Last Updated on October 30, 2023 by Ankit Kochar
The ord function in Python is a versatile tool that allows you to convert a single character into its corresponding Unicode code point integer value. Unicode is a standard that represents characters from various writing systems, allowing Python to work with a wide range of characters and symbols beyond the ASCII character set.
In this article, we will delve into the ord) function in Python, exploring its functionality and use cases. We will discuss how it can be employed to obtain Unicode code points for characters, enabling you to work with text data that includes non-ASCII characters and special symbols. Understanding ord() is valuable for tasks such as text processing, internationalization, and character analysis within Python programs. Let’s deep dive and discuss what does ord do in Python.
What is Ord Function in Python?
ord() function in python is a built-in function that is used to return an integer representing the Unicode code point of a specified character. The Unicode character set is a universal encoding standard that can represent any character from any language in the world. It assigns a unique numerical value, or code point, to each character. When given a Unicode object as an argument, the ord function in python returns an integer corresponding to the character’s Unicode code point; if the parameter is an 8-bit string, it returns the value of the byte.
Syntax of Ord Function in Python
The syntax of the ord function in python is quite simple. It takes a single argument, which is a string of length 1 containing the character whose Unicode code point we want to find.
Here’s the syntax:
Parameter of the Ord Function in Python
The character argument can be a string, a variable that contains a string, or a single character enclosed in quotes.
Return Value of the Ord Function in Python
The ord function in python will return an integer that represents the Unicode of the given character.
Unicode is a character encoding standard that allows for the representation and processing of text in various writing systems and languages. It provides a unified, standardized way to represent characters from different scripts and languages in a digital format, regardless of the platform, device, or program being used.
Prior to Unicode, there were many different character encoding systems, which made it difficult to transfer or display text correctly across different systems. Unicode solved this problem by assigning a unique code point to each character, which allowed for consistent representation of text in different languages and scripts.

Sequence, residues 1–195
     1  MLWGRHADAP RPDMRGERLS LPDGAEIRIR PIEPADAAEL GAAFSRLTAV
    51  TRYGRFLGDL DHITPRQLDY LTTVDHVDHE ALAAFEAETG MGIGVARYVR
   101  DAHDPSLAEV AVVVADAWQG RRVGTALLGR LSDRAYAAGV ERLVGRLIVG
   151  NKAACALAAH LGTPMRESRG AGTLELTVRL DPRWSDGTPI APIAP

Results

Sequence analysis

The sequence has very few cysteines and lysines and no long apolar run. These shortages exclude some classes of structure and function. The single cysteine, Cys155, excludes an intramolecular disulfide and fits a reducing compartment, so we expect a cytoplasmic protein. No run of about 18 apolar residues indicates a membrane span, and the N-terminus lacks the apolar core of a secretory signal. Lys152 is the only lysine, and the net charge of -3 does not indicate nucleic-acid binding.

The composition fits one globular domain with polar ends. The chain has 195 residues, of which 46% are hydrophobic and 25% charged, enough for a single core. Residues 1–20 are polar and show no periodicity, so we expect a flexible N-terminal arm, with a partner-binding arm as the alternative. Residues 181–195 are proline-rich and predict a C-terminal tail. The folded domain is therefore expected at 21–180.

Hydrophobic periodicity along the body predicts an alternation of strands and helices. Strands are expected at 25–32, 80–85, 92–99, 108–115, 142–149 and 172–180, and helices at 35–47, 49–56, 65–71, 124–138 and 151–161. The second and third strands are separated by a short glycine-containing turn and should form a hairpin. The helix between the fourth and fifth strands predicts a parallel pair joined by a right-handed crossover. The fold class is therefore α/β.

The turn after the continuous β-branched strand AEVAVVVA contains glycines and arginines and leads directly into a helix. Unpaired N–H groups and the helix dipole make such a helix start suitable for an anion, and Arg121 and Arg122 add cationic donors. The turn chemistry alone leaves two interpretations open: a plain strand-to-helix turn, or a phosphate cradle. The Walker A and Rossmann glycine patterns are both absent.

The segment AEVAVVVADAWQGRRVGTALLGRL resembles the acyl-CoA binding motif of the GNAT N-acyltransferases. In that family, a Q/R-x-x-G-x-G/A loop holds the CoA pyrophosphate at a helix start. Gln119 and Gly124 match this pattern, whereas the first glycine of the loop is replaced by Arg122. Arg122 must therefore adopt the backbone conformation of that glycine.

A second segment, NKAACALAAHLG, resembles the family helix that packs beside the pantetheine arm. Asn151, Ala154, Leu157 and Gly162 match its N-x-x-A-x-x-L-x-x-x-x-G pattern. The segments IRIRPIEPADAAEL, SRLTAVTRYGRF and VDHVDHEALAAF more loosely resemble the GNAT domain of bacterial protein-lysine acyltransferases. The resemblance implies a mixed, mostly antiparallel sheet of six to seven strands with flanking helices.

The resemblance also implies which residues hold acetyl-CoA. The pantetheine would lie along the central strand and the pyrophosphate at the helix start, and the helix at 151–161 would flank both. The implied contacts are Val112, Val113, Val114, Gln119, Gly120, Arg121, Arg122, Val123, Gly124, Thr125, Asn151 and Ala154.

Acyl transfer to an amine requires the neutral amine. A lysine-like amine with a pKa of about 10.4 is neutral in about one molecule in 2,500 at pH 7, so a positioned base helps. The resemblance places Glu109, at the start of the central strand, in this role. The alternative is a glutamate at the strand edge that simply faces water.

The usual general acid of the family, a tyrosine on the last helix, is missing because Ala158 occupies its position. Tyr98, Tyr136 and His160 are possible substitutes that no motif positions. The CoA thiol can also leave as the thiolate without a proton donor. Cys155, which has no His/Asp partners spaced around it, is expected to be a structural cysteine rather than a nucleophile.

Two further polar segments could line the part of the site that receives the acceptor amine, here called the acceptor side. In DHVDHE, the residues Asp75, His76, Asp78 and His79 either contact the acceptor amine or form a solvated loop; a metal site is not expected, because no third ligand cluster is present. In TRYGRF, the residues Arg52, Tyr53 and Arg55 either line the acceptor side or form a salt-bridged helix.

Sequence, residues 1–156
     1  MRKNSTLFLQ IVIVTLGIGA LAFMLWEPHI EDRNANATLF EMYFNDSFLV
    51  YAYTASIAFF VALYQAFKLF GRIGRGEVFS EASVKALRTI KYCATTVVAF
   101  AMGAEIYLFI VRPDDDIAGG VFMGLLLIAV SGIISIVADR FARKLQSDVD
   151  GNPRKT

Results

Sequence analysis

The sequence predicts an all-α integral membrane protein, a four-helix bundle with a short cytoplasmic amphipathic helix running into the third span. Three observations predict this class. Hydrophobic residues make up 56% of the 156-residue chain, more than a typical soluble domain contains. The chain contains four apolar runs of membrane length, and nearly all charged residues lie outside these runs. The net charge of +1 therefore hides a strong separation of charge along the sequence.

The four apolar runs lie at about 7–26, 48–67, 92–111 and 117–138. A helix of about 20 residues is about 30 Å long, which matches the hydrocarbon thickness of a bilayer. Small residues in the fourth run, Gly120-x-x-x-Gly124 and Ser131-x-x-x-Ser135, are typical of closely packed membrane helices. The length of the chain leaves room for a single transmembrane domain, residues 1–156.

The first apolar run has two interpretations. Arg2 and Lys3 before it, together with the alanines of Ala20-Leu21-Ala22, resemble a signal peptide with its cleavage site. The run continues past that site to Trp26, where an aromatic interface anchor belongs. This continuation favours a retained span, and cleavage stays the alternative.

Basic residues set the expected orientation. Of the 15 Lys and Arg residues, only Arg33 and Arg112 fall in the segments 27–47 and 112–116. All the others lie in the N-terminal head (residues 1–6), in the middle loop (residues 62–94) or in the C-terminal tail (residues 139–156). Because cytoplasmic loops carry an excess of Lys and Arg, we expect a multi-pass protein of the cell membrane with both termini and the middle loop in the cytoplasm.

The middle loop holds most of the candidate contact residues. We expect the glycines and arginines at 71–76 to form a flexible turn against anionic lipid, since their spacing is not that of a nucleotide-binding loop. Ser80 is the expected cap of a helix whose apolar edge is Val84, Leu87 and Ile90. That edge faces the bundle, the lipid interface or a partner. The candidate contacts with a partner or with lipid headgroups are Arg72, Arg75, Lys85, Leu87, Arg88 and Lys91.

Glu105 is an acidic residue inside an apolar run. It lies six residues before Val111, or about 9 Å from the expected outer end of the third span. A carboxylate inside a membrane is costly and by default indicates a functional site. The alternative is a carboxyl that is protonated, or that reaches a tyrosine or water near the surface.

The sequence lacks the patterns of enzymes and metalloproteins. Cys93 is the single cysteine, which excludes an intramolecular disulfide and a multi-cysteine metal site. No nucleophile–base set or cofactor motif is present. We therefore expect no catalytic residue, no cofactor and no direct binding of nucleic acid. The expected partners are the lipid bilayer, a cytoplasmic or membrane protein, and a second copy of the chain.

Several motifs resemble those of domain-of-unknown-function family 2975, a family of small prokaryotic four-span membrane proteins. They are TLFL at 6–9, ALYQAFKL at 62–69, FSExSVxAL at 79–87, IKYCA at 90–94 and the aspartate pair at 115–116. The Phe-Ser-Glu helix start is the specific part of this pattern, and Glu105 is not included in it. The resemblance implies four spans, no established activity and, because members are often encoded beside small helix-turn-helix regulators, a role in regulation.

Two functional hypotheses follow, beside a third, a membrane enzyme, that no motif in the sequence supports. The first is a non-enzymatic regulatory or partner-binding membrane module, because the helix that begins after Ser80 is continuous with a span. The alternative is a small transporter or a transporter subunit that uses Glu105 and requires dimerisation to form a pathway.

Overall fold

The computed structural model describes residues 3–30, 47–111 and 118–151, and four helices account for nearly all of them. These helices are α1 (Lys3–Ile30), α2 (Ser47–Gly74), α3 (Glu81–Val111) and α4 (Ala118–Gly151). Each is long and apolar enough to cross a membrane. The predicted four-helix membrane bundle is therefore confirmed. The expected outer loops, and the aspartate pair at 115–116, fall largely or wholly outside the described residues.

Unicode covers a vast range of characters from many different writing systems, including the Latin alphabet, Arabic, Cyrillic, Chinese, Japanese, and many others. It also includes a wide variety of special characters, such as punctuation, mathematical symbols, and emojis.
The most common encoding scheme used with Unicode is UTF-8, which is a variable-length encoding system that allows for efficient use of space while still supporting the full range of Unicode characters. Other encoding schemes, such as UTF-16 and UTF-32, are also available but are less commonly used.
- UTF-8 is the most widely used encoding scheme for Unicode. It uses a variable-length encoding system, which means that each character is represented by one to four bytes, depending on its Unicode code point. ASCII characters, which are the most commonly used characters in the English language, are represented by a single byte in UTF-8. This makes UTF-8 a space-efficient encoding scheme for text that includes mostly ASCII characters, while still allowing for the representation of characters from many different scripts and languages.
- UTF-16 is a fixed-length encoding scheme that uses two bytes to represent most characters, and four bytes to represent certain characters that require more space. It is used primarily in Windows systems and for certain languages that require a larger character set, such as Chinese and Japanese.
- UTF-32 is a fixed-length encoding scheme that uses four bytes to represent every character. It is less commonly used than UTF-8 and UTF-16 but provides a simple and efficient way to process and manipulate text, particularly for certain applications that require fixed-length characters, such as text editors and word processors.
Example 1 of Ord Function in Python: Using the ord function on a character
We will now see the code and implementation of the above-mentioned code.
s = 'Hello, world!' print(ord(s))
Explanation of the above example
In this code, we have defined a string variable s with the value ‘Hello, world!’. We then call the ord function with the argument s, which selects the first character of the string (in this case, ‘H’).
The ord function returns the Unicode code point of the character, which is an integer value representing the character in the Unicode standard. In this case, the code point of ‘H’ is 72.